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Alzheimer’s disease and other forms of dementia are truly ugly realities. They can strip people of their relationships, their dignity, and even their identities. There are few things worse than having to watch a loved one deteriorate, ultimately forgetting who you even are.
Many of us know the physical effects of these types of diseases, but have you considered the relevance this has on the afterlife? Strange as it is, debilitating brain issues actually pose quite a problem to some of the most popular beliefs about the hereafter.
I recall a childhood friend I once had, and the horrific car accident his mother endured during his youth. My friend’s mother went from being an attractive, intelligent, charismatic person, to being a perpetual child in an instant. She lost her adult thinking capacities, and even her physical appearance drastically changed after the traumatic brain injury she received. First and foremost, this was truly tragic. Chances are, many of you reading this have seen something of the sort in your lifetimes.
But think about how strange this type of thing is. Someone sustains a serious brain injury, and their personality is forever changed (in this life, at least). In other words, a physical injury to the body results in a spiritual change in the person. The person has undergone nothing other than “soul damage.”
I don’t know about you, but that fact doesn’t make much sense to me. The most popular Christian (and others) belief about human existence is that we each have a soul that lives in union with a body. “We” are immaterial souls, and we live in physical bodies.
If that is true, why would a physical injury alter the immaterial soul? Why does a car wreck or a brain disease/injury completely change our personalities? Shouldn’t the soul be, well, immune to physical damage? You would surely think so. But on the popular view, it is not.
This is not the only problem, either. This brings up a major question about who we are in the afterlife as well. To further explain the problem, I have included a brief selection from The Death Myth.
“What, or who, exactly is it that is supposed to be going to heaven? It can’t be the body; our bodies will end up in either crematoriums or caskets. If it is not the earthly body that goes on, then it must be the soul.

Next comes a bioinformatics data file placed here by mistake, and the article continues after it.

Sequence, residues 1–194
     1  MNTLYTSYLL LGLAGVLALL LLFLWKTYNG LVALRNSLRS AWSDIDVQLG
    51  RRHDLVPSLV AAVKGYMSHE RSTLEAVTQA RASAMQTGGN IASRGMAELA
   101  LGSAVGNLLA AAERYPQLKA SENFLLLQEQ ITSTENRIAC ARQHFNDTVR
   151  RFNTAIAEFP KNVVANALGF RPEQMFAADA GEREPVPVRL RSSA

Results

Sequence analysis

While this may seem like a simple observation, it opens the door to some of the most difficult questions we could ever imagine. When a person has lived well into adulthood before passing away, his or her identity has been extensively developed prior to their departure from this world. But what if someone dies, Lord forbid, prematurely? The person—body, soul, identity, and all—someone is as a child is drastically different than the person they are as an adult.
You may already see the problem here. Who “we” are depends stringently upon how long we have lived and what has occurred during that time. I was different at five years old than I later was at ten years old, and different at seventeen than at thirty, and so forth. So were you. So is everyone. The unavoidable question, then, is this: what version of “us” goes on into the afterlife? Are some eternally destined to be perpetual, immature six-year-olds? Will those who tragically die before reaching adulthood remain as children forever? Will those who succumb late in their lives to devastating mental illnesses like Alzheimer’s disease or the various types of dementia carry that version of themselves into the next age?
Make no mistake about it: these questions present all of us with a number of very difficult considerations, and it would be an act of sheer hubris to suggest that I have all of the answers to these problems. But even the basic observation that the nature of the human soul—the component of our personal identities—is inextricably connected to the human body and our various substantive circumstances indicates something extremely important. Specifically, it reveals to us that any view that treats the human soul as the “real being” or the human body as something of secondary importance fails to adequately account for this connection.” (pp. 127-128)
In short, there are two major problems if we believe that the soul is the immaterial “us” that lives in a body. You know, the thing that will supposedly go live by itself after we die.
The first is that physical circumstances can radically change the soul. If someone gets hit hard enough in the head, their soul changes. Why should that be possible?
The second problem is that the person you are at the end of your life would also be the person that goes on to the afterlife. If I pass away with Alzheimer’s, and I am my soul, then I would carry that status after death. At the least, I would live like that during the “interim period”—the time between death and the resurrection.
To me, none of this adds up. The view most of us have been taught—that we are really souls who temporarily reside in bodies—just doesn’t seem to work. Is there any possible answer to this dilemma?
I believe there is. But that will have to wait until next time.
Thank you for reading! If you found this blog interesting, please see all the other posts on this site. You can purchase The Death Myth by clicking here.